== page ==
Five ways “The Amazing Spider-Man” will differ from the previous movie franchise


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Yesterday’s preview of “The Amazing Spider-Man” yielded lots of new details about Peter Parker’s upcoming return to the big screen, but one of the most significant takeaways from the sneak peek event was confirmation of some of the ways this version of the webslinger will differ from his big-screen predecessor.

British actor Andrew Garfield puts on the webbed mask and replaces previous franchise headliner Tobey Maguire this time around, but that’s not the only big change audiences should expect from what’s being billed as the “untold story” of Spider-Man.

After seeing all of the new footage presented during yesterday’s “The Amazing Spider-Man” event, here are five more changes you can look forward to when your friendly neighborhood wall-crawler swings into theaters in July.

Mechanical Web-Shooters

Same Raimi’s “Spider-Man” franchise became the target of much criticism early on when it was revealed that Peter Parker’s webs would be an organic product of his mutation rather than the wrist-mounted mechanical devices he uses in the comics. That diversion from the source material is corrected in Marc Webb’s upcoming reboot of the franchise, as the new footage clearly shows Peter Parker developing, testing, and making ample use of artificial webs and a web-shooter with a red glow. In one particular scene, Peter is seen fiddling with the web-shooter and accidentally setting it off, resulting in his face being webbed to the device. In another scene, Spider-Man toys with a car thief before sticking him to a wall with a series of web shots — with the red glow of the web-shooter pulsing each time he slings a web at his target. There’s also a nice, up-close shot of the web-shooter itself in the new trailer for “The Amazing Spider-Man.”

Quipping while Thwipping

Rather than the progressively more angsty, emo Peter Parker we saw in the last “Spider-Man” franchise, the webslinger is clearly returning to his joke-a-minute roots in “The Amazing Spider-Man.” In the footage shown yesterday, there were very few scenes of Spidey in costume that didn’t also involve a steady stream of jokes coming from the wall-crawler. During the aforementioned run-in with the car thief, Spider-Man toys with the criminal for a while as only a high-school kid can, dropping to his knees when the guy pulls a knife and exclaiming, “Oh no, is that a real knife? Aargh! That’s my only weakness!” — only to stick him to the wall with a barrage of webs a second later. If nothing else, this film’s take on Spidey brings him back to being that playful brat fans love, but criminals hate.

Spider-Man is Public Enemy #1

With the exception of eternal Spidey-hater J. Jonah Jameson, the previous “Spider-Man” films were largely a webslinger love-fest, with Peter Parker enjoying life as a celebrated hero loved by the public. This time around, Spider-Man clearly won’t be winning any popularity polls, as the new footage included quite a few scenes in which Spider-Man is being chased, attacked by, or attacking police officers around New York. To make matters worse, much of that anti-Spidey sentiment seems to come from Gwen Stacy’s father, George Stacy (played by Denis Leary), a high-ranking NYPD officer. One especially tense scene shown during the preview event featured Peter and Mr. Stacy arguing about Spider-Man’s intentions over dinner and making things extremely uncomfortable for Gwen.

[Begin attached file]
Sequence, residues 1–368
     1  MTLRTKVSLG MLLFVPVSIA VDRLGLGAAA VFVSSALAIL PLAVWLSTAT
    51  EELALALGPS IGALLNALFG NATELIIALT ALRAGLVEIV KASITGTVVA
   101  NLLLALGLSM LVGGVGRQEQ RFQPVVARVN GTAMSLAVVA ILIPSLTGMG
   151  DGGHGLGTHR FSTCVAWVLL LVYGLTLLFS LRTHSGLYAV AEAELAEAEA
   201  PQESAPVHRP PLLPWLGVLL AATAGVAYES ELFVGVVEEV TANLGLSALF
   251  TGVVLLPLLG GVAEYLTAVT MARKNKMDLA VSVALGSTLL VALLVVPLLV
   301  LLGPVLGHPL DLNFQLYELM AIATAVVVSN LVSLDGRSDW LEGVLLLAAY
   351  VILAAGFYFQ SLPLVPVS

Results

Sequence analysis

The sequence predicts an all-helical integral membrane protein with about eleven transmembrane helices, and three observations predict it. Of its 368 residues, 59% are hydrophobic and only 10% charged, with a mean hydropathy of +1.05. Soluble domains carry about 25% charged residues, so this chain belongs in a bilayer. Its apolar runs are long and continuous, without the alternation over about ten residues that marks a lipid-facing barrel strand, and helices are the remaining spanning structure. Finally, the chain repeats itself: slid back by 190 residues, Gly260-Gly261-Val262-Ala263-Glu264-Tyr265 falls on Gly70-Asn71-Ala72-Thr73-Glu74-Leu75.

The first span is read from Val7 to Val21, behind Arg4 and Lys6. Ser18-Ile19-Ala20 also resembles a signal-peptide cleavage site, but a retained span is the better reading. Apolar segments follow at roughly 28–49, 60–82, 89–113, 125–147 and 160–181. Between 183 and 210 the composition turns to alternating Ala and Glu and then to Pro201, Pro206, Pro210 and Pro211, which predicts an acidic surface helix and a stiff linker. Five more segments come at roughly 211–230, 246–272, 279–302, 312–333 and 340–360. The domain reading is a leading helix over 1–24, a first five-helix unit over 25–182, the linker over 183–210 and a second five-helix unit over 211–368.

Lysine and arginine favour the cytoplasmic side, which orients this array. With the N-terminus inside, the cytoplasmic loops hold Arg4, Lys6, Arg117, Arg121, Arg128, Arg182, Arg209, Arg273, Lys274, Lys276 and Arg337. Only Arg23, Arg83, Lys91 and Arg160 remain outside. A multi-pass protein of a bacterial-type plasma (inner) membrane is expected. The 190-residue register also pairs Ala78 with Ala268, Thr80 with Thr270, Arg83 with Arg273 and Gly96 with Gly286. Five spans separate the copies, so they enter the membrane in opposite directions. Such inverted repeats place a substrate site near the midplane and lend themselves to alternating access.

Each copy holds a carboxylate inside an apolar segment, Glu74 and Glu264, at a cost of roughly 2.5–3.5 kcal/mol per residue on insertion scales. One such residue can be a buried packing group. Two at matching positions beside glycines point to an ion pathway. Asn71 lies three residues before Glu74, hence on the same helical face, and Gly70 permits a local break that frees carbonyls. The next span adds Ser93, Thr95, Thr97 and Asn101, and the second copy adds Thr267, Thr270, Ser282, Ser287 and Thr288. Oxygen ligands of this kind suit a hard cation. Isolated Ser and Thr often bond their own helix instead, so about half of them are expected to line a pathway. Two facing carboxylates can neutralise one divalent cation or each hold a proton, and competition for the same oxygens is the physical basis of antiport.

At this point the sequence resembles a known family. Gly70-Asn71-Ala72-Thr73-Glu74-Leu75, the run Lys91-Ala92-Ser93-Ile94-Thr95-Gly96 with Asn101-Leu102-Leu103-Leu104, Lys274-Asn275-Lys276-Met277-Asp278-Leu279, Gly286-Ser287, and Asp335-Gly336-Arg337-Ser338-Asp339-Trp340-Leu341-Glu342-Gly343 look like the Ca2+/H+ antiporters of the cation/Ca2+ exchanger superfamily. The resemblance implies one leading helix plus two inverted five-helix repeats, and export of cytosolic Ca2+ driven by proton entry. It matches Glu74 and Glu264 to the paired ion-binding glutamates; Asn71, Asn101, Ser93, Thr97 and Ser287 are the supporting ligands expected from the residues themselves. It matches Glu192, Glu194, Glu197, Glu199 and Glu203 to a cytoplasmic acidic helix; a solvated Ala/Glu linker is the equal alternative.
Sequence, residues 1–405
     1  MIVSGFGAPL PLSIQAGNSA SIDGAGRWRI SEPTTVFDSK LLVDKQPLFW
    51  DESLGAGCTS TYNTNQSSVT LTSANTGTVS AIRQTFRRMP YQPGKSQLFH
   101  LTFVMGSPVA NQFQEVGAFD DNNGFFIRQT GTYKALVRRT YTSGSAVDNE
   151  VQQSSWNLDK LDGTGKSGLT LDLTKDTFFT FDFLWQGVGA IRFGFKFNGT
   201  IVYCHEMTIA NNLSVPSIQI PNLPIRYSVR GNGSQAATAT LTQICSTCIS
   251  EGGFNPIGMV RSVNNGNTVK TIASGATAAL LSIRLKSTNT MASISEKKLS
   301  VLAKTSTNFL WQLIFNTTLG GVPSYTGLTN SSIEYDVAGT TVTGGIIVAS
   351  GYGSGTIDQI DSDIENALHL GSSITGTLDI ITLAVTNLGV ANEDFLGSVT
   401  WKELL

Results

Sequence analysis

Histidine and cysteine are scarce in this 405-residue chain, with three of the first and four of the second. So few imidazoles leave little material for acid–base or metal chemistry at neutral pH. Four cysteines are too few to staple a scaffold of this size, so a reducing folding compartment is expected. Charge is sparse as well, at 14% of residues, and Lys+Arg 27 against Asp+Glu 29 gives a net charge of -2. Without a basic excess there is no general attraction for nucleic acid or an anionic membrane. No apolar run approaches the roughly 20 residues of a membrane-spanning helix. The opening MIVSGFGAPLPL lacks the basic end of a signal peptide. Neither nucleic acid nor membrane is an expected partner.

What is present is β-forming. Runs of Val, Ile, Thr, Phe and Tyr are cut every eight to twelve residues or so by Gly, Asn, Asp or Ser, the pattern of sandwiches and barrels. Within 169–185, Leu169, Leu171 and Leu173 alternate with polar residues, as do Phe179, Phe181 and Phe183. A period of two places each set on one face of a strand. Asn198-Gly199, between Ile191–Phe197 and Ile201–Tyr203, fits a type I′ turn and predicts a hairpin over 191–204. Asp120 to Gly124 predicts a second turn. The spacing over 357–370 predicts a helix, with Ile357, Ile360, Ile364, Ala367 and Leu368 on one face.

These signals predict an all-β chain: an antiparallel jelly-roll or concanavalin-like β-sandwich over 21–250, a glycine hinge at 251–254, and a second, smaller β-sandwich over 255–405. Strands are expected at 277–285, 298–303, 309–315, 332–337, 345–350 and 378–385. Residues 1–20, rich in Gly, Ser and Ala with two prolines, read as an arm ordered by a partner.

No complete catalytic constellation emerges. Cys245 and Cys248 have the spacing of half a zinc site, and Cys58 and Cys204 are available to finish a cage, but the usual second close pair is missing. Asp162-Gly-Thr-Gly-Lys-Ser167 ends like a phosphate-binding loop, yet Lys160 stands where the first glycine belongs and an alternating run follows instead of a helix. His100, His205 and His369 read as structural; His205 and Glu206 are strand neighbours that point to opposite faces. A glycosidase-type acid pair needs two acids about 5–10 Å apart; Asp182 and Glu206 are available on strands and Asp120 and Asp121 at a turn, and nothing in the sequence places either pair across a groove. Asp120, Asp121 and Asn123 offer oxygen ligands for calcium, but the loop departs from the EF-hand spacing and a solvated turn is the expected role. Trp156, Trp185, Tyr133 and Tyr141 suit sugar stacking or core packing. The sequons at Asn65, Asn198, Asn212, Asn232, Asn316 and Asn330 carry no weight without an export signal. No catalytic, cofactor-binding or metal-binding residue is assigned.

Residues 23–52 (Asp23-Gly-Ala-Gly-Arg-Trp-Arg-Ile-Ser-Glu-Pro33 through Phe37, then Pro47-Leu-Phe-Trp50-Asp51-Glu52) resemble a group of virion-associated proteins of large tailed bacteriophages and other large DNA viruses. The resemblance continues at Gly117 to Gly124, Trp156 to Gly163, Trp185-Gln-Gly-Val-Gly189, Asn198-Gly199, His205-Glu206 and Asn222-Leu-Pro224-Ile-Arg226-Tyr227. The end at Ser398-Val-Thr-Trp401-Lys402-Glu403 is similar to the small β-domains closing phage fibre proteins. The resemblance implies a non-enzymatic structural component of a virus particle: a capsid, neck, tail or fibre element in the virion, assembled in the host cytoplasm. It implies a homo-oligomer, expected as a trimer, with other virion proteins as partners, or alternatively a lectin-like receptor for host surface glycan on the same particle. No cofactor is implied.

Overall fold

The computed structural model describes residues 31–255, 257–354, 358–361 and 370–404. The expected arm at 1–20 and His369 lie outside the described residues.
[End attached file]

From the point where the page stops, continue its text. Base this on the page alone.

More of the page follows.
He Does Whatever a Spider Can

While past installments of “Spider-Man” on the big screen did a great job of presenting the range of Peter Parker’s spider-given abilities, “The Amazing Spider-Man” appears to be taking things one step further when it comes to Spidey’s enhanced agility and “spider sense.” In the footage shown during yesterday’s event, there was one particularly great scene in which Spider-Man is seen dodging bullets by first twisting from side to side and then flipping over the gunman in one fluid motion from a standing position. Rather than presenting his enhanced reaction time via a sudden switch to slow-motion (a la the previous films), “The Amazing Spider-Man” appears to take the opposite approach, with the world moving at normal speed while Spider-Man reacts instantaneously to everything that occurs. In the aforementioned scene, Spider-Man dodges left, then right, at the same time each shot is fired, and then jumps behind the gunman the moment the third shot is fired — mimicking the sort of blink-and-you-miss-it movement of real-world spiders when threatened.

Loving the Man, Not the Mask

During the preview event for “The Amazing Spider-Man,” actress Emma Stone explained that one key difference between her character, Gwen Stacy, and Peter Parker’s love interest from the previous films, Mary Jane Watson, is that Gwen falls in love with Peter, not Spider-Man. That difference might seem small when mentioned in passing, but it’s a key component of Peter Parker’s history in both the comics and, apparently, in the upcoming film. During one scene shown during the event, Gwen is seen telling Peter — who happens to be wearing his Spider-Man costume at the time — that she already worries about whether her policeman father will come home every night, and stresses that she doesn’t want to have the same concerns about Peter. Along the same lines, Gwen and Peter’s relationship appears to develop well before he dons a costume and starts fighting bad guys. When measured against the infamous upside-down Spidey kiss between Mary Jane and Peter in the first “Spider-Man” film and the struggles he had convincing Mary Jane to love him when he wasn’t wearing the mask, this dynamic should make for a major tonal shift in the reboot that sets “The Amazing Spider-Man” apart from the previous franchise.

What other changes do you expect to see in “The Amazing Spider-Man”? Chime in below or on Facebook or Twitter.